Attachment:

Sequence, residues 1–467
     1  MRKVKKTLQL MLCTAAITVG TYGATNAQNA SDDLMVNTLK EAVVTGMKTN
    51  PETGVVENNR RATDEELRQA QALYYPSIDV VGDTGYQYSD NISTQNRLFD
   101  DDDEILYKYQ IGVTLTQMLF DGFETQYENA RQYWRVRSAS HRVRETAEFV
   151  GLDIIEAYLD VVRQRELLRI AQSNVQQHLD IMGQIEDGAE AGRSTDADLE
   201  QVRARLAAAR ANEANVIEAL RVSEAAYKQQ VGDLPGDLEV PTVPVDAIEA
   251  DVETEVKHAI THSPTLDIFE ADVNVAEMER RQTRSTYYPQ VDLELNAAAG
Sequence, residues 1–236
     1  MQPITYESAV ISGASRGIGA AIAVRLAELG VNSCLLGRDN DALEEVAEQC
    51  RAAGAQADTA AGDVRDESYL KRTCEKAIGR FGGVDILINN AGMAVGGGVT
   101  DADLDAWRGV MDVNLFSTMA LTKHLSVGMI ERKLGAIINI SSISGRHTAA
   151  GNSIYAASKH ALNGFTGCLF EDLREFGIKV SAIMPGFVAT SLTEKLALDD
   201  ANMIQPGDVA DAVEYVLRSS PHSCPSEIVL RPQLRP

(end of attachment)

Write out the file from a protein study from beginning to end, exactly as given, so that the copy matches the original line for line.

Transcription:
Sequence, residues 1–467
     1  MRKVKKTLQL MLCTAAITVG TYGATNAQNA SDDLMVNTLK EAVVTGMKTN
    51  PETGVVENNR RATDEELRQA QALYYPSIDV VGDTGYQYSD NISTQNRLFD
   101  DDDEILYKYQ IGVTLTQMLF DGFETQYENA RQYWRVRSAS HRVRETAEFV
   151  GLDIIEAYLD VVRQRELLRI AQSNVQQHLD IMGQIEDGAE AGRSTDADLE
   201  QVRARLAAAR ANEANVIEAL RVSEAAYKQQ VGDLPGDLEV PTVPVDAIEA
   251  DVETEVKHAI THSPTLDIFE ADVNVAEMER RQTRSTYYPQ VDLELNAAAG
Sequence, residues 1–236
     1  MQPITYESAV ISGASRGIGA AIAVRLAELG VNSCLLGRDN DALEEVAEQC
    51  RAAGAQADTA AGDVRDESYL KRTCEKAIGR FGGVDILINN AGMAVGGGVT
   101  DADLDAWRGV MDVNLFSTMA LTKHLSVGMI ERKLGAIINI SSISGRHTAA
   151  GNSIYAASKH ALNGFTGCLF EDLREFGIKV SAIMPGFVAT SLTEKLALDD
   201  ANMIQPGDVA DAVEYVLRSS PHSCPSEIVL RPQLRP